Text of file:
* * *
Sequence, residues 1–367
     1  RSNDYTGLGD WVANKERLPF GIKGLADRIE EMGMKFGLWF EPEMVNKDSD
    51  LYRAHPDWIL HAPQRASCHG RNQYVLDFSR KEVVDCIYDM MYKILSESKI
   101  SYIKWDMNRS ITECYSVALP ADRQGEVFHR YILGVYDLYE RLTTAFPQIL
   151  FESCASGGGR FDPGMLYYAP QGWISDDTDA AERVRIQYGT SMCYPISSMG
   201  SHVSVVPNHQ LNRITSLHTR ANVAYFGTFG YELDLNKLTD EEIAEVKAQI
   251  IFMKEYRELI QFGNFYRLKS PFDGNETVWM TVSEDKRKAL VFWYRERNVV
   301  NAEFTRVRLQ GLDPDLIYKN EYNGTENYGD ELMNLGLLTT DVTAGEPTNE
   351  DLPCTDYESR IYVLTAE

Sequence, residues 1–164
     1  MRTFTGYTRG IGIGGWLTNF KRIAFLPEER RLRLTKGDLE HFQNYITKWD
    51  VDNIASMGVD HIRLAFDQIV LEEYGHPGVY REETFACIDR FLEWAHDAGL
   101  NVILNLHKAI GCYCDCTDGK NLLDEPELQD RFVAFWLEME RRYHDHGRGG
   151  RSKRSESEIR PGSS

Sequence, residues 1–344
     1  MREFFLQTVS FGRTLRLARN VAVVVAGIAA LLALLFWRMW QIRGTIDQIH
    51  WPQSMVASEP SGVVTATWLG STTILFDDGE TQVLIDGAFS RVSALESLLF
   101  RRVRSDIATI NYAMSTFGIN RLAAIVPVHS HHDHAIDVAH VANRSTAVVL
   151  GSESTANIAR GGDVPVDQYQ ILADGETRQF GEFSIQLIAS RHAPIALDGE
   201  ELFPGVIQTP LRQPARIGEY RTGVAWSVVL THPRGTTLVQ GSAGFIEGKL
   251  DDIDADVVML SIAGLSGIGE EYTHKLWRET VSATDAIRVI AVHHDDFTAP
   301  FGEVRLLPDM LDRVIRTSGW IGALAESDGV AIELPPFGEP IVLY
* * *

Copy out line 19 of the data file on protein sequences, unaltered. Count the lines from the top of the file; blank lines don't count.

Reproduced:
   151  GSESTANIAR GGDVPVDQYQ ILADGETRQF GEFSIQLIAS RHAPIALDGE